11. #11 Dave Bacon
    December 19, 2007

    squiggly looking graphs

    Mmmm, experimental data fit to exponential decays. Makes me drool too.

  12. #12 mick
    December 19, 2007

    So, here’s a question:

    How many people think that the FT threshold’s high frequency cutoff dependence (for the more general error models that John Preskill discussed this morning) is a harmless artifact of the math or is it something nastier?

  13. #13 sean
    December 19, 2007

    mick, can you elaborate on that “high frequency cutoff dependence” for those of us not at the conference?


  14. #14 Gil Kalai
    December 20, 2007

    Dear all,

    Greetings from Jerusalem! At the end I could not make it to QEC07 which was quite disappointing for me since I looked forward to many talks, to touching base with much exciting research, to getting a little more of the background that I am still lacking, and to meeting people many of whom I only know by name or had email correspondence with. (Including, of course, you Dave.) If there is a place with links to the various presentations I will be happy to know. My own presentation is here . And, as always, remarks are very welcomed.

    Best wishes, Gil Kalai

  15. #16 Panos Aliferis
    December 20, 2007

    In my talk (see the slides) I listed error estimates based on theoretical work by Frederico Brito and David DiVincenzo. These estimates are derived by using a theoretical model for the IBM qubit described in arXiv:0709.1478, and they include contributions from several understood sources of noise for superconducting flux qubits: magnetic low-frequency fluctuations, thermal noise, inaccuracies in the pulse generators, and Johnson noise in the resistances. Although these noise sources reflect the best understanding of IBM physicists about decoherence in their devices, experiments today are limited by additional sources of noise that are currently not understood. Present fidelities are many orders of magnitude below the estimates in my talk, and experimental work is focused on “debugging” the IBM qubit and increasing coherence times.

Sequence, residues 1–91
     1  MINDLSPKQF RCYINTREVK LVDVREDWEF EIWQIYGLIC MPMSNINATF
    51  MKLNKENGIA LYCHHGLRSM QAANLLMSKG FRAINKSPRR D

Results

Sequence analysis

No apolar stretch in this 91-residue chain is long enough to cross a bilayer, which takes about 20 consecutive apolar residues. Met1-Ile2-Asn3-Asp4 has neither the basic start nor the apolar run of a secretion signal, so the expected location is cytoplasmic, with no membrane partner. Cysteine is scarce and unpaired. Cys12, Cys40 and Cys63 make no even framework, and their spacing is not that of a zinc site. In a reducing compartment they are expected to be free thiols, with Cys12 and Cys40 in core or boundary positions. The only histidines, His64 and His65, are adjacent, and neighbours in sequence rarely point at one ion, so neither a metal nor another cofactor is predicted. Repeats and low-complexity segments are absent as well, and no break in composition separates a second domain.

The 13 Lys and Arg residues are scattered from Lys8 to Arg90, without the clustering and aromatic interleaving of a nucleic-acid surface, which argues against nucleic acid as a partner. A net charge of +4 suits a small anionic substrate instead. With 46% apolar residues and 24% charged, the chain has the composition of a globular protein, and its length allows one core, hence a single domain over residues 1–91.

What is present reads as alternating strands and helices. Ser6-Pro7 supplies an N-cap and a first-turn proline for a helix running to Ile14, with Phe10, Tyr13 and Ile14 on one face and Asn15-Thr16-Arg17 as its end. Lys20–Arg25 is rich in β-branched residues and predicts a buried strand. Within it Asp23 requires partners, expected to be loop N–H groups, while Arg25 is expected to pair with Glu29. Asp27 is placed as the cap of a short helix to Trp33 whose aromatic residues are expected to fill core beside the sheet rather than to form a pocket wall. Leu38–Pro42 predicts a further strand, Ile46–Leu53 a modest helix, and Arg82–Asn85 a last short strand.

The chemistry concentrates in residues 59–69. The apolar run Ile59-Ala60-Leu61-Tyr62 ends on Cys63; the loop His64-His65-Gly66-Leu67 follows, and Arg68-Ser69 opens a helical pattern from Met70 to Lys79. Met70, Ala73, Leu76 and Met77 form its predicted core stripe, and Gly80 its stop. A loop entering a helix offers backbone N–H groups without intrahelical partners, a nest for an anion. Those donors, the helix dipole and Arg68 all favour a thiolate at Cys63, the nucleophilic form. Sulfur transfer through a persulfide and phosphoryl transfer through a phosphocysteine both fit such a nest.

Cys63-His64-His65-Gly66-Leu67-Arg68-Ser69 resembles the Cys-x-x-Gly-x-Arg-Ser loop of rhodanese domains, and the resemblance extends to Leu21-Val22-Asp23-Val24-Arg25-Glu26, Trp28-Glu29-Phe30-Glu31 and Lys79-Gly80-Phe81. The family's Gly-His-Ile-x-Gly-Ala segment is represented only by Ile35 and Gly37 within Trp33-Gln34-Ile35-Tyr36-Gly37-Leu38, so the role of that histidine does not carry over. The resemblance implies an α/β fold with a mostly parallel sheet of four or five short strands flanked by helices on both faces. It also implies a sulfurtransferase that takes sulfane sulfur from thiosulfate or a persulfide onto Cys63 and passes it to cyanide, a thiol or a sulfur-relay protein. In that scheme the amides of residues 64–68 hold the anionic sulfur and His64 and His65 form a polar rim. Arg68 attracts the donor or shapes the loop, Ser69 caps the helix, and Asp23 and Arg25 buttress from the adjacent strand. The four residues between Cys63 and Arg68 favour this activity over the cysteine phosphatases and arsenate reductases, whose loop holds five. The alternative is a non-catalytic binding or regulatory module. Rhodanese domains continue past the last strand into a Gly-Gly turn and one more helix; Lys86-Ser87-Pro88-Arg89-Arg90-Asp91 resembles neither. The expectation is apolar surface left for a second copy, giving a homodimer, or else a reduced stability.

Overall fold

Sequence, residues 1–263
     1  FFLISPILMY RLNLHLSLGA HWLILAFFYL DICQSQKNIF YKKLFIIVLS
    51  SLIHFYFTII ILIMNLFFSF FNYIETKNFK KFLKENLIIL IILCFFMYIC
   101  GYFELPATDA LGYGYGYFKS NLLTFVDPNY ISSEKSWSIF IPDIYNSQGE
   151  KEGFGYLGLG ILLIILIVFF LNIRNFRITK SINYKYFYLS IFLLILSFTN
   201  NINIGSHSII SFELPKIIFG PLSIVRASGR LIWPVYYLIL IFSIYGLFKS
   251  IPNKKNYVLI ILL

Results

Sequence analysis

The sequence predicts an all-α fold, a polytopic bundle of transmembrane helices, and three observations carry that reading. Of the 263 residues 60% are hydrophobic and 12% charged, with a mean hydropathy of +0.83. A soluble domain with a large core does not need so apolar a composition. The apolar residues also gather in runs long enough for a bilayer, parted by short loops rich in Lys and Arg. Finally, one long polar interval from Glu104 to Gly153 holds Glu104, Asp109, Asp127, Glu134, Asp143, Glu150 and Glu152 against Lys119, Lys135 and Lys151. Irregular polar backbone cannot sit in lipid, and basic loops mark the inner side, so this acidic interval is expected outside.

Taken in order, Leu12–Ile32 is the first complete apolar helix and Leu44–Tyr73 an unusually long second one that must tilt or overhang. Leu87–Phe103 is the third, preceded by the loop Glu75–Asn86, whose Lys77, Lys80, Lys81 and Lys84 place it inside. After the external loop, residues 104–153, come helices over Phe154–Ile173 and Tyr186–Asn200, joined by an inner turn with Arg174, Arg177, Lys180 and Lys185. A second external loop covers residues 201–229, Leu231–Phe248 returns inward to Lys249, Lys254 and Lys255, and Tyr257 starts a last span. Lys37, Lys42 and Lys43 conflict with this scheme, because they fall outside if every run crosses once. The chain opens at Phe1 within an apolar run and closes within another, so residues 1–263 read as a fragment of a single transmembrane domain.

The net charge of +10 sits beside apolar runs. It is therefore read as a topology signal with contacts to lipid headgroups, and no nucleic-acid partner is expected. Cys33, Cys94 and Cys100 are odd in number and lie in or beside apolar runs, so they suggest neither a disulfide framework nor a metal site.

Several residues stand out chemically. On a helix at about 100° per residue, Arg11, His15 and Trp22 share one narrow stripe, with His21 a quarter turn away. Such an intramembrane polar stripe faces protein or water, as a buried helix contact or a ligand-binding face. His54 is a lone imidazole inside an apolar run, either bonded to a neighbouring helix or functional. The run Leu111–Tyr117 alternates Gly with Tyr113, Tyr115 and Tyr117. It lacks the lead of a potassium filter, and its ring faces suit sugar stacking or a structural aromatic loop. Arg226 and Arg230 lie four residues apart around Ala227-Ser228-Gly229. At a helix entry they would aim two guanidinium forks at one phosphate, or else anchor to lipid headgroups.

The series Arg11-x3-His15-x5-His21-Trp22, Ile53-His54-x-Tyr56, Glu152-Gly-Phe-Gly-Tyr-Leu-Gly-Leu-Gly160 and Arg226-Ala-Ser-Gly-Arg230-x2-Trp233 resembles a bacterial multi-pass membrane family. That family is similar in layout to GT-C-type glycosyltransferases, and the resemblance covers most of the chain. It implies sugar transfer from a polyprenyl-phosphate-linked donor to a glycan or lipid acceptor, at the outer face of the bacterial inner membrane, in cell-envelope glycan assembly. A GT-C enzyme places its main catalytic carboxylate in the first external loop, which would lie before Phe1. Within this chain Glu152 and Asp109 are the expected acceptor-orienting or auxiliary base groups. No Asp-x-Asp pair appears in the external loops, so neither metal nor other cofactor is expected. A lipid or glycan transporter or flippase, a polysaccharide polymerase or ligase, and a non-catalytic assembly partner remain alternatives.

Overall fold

16. #17 Joe Fitzsimons
    December 20, 2007

    Ah, well, that makes more sense to me. Thanks.

  17. #18 John Sidles
    December 20, 2007

    Mick posted: So, here’s a question: How many people think that the FT threshold’s high frequency cutoff dependence (for the more general error models that John Preskill discussed this morning) is a harmless artifact of the math or is it something nastier?

    Here’s a partial answer to Mick’s question. The fluctuation-dissipation theorem can be readily extended to a fluctuation-dissipation-entanglement theorem, in which the same matrix elements that control fluctuation and dissipation also control the entanglement of the qubit ground-state with the environment.

    Physically speaking, the qubit states are “dressed” by the reservoir, in precisely the way that electrons are “dressed” by the vacuum.

    In the limit that the reservoir damping has an infinite high-frequency cut-off, the renormalized “dressing” of the qubit states diverges (just as e.g. the electron mass renormalization diverges in quantum electrodynamics).

    Is the qubit “dressing” an engineering problem for quantum computers? Well, it all depends on the cut-off, which in turn, depends on the nature of the thermal reservoir.

    These effects definitely are both physical and calculable, this much is clear. Calculating the practical consequences would be tough, but feasible, IMHO.

  18. #19 John Preskill
    December 21, 2007